Territory Stories

Woodgreen, Northern Territory : explanatory notes



Woodgreen, Northern Territory : explanatory notes

Issued by

Northern Territory Geological Survey


E-Publications; E-Books; PublicationNT; Australia 1:100 000 Geological Map Series




Australia 1:100 000 Geological Map Wood 5458; Australia 1:250 000 Geological MapAlcoota SF5310; Australia 1:250 000 Geological MapAlcoota SF5310

Map scale

1:100 000


Made available via the Publications (Legal Deposit) Act 2004 (NT); Available from GEMIS - Geoscience Exploration and Mining Information System




Geology; Georgina Basin; Arunta Region

Publisher name

Northern Territory Government; Northern Territory Government

Place of publication



1st ed.


Australia 1:100 000 Geological Map Series

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Attribution International 4.0 (CC BY 4.0)

Copyright owner

Northern Territory Government



Related links

https://geoscience.nt.gov.au/gemis/ntgsjspui/handle/1/81885 [GEMIS]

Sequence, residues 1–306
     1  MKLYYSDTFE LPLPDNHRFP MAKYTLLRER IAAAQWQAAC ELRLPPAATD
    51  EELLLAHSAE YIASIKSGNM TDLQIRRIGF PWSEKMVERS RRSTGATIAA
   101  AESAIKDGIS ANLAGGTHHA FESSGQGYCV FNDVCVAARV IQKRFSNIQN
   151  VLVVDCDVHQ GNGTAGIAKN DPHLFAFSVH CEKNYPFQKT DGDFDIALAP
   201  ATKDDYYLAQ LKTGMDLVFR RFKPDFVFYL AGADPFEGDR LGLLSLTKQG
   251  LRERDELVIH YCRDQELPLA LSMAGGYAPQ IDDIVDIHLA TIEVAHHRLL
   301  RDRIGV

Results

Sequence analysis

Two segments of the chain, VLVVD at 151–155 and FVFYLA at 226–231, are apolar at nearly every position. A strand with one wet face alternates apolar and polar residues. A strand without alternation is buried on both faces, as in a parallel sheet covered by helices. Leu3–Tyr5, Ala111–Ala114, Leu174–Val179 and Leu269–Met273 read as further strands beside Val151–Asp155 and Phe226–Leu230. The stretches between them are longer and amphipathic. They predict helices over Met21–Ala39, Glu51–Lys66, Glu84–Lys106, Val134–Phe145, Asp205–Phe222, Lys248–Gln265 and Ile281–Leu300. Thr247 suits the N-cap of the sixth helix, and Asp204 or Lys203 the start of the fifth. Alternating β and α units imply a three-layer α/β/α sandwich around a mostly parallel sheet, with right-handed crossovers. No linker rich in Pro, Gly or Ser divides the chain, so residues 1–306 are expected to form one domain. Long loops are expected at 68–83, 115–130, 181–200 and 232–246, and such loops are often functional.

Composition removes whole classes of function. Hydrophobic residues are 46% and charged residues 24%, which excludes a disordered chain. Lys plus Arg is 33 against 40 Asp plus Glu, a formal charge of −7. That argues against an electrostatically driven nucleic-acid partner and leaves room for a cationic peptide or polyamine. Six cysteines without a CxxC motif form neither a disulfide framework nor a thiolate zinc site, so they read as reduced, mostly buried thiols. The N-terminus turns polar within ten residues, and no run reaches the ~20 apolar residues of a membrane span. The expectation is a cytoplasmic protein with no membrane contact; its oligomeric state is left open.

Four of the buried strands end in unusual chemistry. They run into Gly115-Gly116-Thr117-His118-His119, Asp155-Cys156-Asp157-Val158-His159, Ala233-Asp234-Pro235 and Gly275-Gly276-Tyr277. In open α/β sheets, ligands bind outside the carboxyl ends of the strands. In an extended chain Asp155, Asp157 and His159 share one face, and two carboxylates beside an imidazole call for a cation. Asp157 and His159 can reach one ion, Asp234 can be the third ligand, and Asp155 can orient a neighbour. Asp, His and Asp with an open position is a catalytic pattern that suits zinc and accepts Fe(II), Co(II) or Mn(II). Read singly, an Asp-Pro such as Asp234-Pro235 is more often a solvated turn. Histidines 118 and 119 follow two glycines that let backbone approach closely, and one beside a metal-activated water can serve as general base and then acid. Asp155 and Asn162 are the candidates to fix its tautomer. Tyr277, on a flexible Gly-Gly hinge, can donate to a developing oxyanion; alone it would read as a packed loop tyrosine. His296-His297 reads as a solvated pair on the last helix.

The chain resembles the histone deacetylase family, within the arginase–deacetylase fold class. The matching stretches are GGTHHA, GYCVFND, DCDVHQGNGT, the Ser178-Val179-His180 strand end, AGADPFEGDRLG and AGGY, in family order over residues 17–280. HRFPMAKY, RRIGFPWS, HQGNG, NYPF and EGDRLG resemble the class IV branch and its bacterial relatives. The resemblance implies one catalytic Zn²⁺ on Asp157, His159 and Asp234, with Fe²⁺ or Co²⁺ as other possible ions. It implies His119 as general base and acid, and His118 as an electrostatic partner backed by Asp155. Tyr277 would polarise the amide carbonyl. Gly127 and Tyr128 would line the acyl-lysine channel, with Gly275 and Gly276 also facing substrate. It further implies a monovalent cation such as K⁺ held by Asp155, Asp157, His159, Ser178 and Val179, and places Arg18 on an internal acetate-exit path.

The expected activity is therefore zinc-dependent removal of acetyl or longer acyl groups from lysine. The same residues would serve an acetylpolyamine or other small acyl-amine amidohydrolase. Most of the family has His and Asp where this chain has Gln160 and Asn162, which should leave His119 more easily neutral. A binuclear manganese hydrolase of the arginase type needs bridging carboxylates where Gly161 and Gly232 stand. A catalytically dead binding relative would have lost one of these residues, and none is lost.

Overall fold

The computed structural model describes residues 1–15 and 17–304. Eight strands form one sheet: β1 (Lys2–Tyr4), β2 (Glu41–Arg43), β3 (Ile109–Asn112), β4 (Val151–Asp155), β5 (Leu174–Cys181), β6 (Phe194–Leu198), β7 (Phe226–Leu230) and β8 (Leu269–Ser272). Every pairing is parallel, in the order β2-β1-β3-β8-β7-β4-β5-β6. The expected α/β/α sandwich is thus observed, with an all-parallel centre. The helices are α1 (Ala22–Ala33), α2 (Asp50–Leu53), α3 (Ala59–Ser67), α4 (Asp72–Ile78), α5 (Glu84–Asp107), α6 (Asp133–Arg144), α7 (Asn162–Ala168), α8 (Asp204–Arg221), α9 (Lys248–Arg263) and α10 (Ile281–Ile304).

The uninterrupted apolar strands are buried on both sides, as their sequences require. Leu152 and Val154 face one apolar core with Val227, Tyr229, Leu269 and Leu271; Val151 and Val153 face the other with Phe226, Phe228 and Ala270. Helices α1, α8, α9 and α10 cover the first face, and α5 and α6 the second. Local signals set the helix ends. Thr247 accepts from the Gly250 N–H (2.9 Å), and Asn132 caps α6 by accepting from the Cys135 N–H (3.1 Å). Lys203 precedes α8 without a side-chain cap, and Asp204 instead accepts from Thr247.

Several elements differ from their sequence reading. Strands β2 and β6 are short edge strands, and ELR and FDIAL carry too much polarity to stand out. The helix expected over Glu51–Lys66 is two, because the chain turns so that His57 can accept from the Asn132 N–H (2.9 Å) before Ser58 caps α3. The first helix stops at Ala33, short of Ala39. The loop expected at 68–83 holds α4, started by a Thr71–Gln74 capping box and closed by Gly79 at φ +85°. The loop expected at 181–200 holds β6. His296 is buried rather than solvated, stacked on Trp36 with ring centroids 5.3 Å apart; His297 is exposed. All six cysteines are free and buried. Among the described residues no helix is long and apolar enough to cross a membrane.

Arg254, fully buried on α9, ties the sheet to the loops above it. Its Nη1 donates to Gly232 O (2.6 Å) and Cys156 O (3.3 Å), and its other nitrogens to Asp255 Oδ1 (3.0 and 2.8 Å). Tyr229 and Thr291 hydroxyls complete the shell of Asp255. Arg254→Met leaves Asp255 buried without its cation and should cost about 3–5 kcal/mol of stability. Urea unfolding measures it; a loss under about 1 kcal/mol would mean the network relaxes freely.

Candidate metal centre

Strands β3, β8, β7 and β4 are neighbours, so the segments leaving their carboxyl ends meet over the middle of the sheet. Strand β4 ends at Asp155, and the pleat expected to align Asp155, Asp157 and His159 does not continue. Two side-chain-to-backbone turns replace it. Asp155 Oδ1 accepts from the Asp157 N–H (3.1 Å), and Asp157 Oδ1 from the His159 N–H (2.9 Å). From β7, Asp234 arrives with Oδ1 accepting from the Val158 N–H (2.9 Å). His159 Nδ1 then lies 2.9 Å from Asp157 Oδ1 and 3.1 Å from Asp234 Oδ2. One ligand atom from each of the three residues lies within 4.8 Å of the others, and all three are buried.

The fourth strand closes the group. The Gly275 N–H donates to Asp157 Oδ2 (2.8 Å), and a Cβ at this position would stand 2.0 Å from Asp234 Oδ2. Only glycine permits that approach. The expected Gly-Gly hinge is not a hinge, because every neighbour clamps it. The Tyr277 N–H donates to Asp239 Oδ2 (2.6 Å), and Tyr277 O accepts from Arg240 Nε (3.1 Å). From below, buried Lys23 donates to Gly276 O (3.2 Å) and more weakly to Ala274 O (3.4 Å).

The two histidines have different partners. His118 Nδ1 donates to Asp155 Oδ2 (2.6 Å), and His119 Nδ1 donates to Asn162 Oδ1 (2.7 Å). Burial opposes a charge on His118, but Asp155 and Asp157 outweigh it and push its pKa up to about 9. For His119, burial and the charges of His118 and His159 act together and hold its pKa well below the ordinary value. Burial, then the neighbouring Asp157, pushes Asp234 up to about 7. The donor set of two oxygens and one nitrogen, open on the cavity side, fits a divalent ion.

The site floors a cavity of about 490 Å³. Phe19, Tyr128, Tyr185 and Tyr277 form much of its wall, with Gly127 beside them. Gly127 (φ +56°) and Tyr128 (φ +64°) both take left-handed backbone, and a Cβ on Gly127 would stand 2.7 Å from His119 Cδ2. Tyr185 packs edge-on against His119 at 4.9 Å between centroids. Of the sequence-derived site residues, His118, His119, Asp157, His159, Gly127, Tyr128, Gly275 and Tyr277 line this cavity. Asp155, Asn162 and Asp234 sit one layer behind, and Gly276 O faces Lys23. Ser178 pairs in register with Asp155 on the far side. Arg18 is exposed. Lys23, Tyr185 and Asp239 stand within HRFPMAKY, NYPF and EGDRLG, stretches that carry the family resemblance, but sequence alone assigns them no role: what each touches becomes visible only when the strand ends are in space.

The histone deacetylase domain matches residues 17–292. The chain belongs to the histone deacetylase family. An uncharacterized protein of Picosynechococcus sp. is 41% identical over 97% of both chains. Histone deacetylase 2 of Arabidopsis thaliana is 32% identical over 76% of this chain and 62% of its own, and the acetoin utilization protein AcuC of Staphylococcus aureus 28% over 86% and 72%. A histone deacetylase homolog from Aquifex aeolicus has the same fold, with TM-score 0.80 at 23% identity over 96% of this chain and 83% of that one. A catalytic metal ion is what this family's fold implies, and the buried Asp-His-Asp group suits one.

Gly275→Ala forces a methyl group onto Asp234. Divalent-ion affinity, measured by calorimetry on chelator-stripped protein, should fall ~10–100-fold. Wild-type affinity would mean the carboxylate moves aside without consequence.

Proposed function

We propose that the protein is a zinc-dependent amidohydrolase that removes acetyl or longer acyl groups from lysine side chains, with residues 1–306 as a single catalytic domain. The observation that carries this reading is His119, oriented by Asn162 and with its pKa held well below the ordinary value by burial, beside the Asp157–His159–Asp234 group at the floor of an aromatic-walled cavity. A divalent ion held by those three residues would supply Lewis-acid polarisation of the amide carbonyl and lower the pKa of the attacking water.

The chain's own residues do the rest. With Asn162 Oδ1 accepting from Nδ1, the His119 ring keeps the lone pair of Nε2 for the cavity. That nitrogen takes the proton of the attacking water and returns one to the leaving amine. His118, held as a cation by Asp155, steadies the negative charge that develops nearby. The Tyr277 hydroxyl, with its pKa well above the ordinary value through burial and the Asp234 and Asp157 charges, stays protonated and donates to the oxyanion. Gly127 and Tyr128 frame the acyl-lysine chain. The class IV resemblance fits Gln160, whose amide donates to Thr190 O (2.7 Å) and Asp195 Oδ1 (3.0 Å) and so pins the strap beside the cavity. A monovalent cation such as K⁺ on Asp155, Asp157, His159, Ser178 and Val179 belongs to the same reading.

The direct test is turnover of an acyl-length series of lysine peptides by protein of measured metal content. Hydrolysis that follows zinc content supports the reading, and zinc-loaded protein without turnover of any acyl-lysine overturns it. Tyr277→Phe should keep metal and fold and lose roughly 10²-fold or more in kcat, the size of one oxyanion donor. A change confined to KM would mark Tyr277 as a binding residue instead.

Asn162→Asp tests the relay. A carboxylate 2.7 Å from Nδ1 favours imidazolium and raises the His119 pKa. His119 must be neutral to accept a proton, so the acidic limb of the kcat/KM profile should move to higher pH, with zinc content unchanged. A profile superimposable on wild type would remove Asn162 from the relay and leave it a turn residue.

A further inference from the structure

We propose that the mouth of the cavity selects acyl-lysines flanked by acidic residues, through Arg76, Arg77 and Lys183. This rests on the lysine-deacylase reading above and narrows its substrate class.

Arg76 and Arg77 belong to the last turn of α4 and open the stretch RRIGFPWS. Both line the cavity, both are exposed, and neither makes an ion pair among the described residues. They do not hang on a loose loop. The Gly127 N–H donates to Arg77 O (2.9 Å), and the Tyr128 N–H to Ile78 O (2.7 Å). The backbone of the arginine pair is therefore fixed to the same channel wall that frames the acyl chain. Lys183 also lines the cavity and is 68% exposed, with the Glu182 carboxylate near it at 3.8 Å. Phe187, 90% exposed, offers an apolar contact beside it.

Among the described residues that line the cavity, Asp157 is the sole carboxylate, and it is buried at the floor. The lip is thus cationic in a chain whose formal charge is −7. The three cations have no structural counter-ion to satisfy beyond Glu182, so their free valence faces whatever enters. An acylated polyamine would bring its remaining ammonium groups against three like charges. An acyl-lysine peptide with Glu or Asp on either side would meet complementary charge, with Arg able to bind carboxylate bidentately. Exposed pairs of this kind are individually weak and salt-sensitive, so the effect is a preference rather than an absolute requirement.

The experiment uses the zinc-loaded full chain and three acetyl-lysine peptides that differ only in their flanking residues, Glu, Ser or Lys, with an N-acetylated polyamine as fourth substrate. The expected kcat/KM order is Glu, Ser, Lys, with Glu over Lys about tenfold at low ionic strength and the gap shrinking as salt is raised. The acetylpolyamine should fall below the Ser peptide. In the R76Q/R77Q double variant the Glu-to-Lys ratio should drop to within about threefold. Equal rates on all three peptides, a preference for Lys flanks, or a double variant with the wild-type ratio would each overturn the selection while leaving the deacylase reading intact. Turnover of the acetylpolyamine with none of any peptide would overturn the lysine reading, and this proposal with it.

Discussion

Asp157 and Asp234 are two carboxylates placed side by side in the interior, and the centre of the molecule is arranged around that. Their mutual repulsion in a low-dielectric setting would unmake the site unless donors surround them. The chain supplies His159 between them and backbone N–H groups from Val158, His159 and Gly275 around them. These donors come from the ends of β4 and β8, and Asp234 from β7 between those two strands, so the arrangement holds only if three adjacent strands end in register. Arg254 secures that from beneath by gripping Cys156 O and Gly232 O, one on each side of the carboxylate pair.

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17 The Tops Member contains a body fossil assemblage referred to as the Mount Skinner fauna (Wade 1969) and rare ichnofossils (Haines etal 1991). The Mount Skinner fauna includes several softbodied organisms, most characteristically, two species interpreted as scyphozoan medusoids (jellyfish'), Hallidaya brueri and Skinnera brooksi, which were described by Wade (1969) from the Mount Skinner area. Elements of the Mount Skinner fauna have also been located in the lower Arumbera Sandstone of the Amadeus Basin (Wade 1969) and are believed to be of Ediacaran age (Haines etal 1991). The fossils are most common in the Mount Skinner area where they are found over an interval broadly coincident with the green cupriferous bands (fossils are found in both the red and green lithofacies). Macrofossil symbols on the map record Wade's (1969) original collection localities and additional sites located during this study. AdneraMember(LPsa) The Adnera Member comprises redbrown, purple and white crossbedded, medium sandstone and quartzite. There are intervals of tabular, fine to medium sandstone interbedded with redbrown mudstone that closely resemble parts of the Tops Member. The Adnera Member conformably overlies the Tops Member and the boundary is likely to be diachronous. It is distinguished by the fact that the sandstones are mostly significantly cleaner, better silicified and more resistant than the underlying Tops Member. The unit is mostly devoid of positive radiometric expression, except for exposures at and near Mount Skinner that exhibit a moderate Th signal. The unit as a whole is more resistant to erosion than the Tops Member and, for this reason, the contact is often most successfully picked on aerial photograph expression. The member has not been intersected in drillholes. It is estimated to reach about 200 m thickness in centralnorthern Woodgreen. Unconformities below younger units indicate that the member has been locally removed in eastern areas. The Adnera Member was deposited under shallowmarine and deltaic conditions, similar to those interpreted for the upper Tops Member. Haines etal (1991) reported ichnofossils from the Adnera Member in BARROW CREEK, although as yet, none has been found in Woodgreen. The ichnofossil assemblage includes forms that are more characteristic of the late Neoproterozoic than the Cambrian and, importantly, the most characteristic Early Cambrian elements, such as Treptichnus pedum, are absent. While it is possible that the EdiacaranCambrian boundary lies within the Adnera Member, it is considered more likely that the boundary lies within the hiatus marking the disconformity at the top of the Central Mount Stuart Formation. Cambrian Shadow Group Octy Formation (_Clo) During previous mapping (Shaw and Warren 1975), strata now recognised as Octy Formation were included in the Central Mount Stuart beds'. The type section of the Octy Formation is in BARROW CREEK (Haines etal 1991). The formation comprises predominantly white to brown, crossbedded medium sandstone and quartzite, with subordinate mudstone. In places, the sediments are glauconitic. On lithological grounds, the formation is only differentiated from the underlying Adnera Member with difficulty; however it is awarded formation status on the basis that mapping in BARROW CREEK demonstrated a disconformity to lowangle unconformity at its base. The Octy Formation is also distinguishable from the Adnera Member in Landsat 7 imagery, particularly band 7. The most distinctive feature is the common presence of definitive Early Cambrian ichnofossils, which are absent from the underlying succession. Ichnofossils include a diversity of forms, among them Treptichnus(Phycodes')pedum, used to define the base of the Cambrian (Landing 1994). The lower formation contact is not well exposed in Woodgreen, but does not appear to be significantly angular. At 409500mE 7563600mN, an exploration costean exposes a recessive interval at the base of the Octy Formation. This interval comprises bioturbated green, purple and red mudstone and interbedded sandstone, and is probably equivalent to a Figure 18. Tops Member of Central Mount Stuart Formation. Exploration costean exposing characteristic redbrown sandstone and mudstone, with green mudstonedominated interval in foreground (beneath hammer at bottom right). Such green intervals typically display minor malachite staining at surface. 429223mE 7543511mN, 3 km N of Mount Skinner.